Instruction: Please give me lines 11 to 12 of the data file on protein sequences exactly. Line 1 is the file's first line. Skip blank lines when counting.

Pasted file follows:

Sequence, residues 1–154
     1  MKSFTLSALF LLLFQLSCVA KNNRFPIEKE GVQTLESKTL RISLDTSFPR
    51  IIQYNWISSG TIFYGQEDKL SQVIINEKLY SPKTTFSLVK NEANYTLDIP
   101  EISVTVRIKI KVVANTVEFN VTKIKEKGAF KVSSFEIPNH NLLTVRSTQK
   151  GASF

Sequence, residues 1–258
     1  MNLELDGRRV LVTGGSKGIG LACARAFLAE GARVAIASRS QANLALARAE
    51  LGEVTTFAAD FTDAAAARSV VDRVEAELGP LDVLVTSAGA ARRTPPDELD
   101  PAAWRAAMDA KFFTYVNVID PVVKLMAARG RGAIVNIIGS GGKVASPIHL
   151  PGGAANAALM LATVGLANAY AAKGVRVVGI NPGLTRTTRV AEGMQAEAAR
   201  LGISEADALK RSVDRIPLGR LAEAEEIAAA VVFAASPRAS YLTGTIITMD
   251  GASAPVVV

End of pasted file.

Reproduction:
   201  LGISEADALK RSVDRIPLGR LAEAEEIAAA VVFAASPRAS YLTGTIITMD
   251  GASAPVVV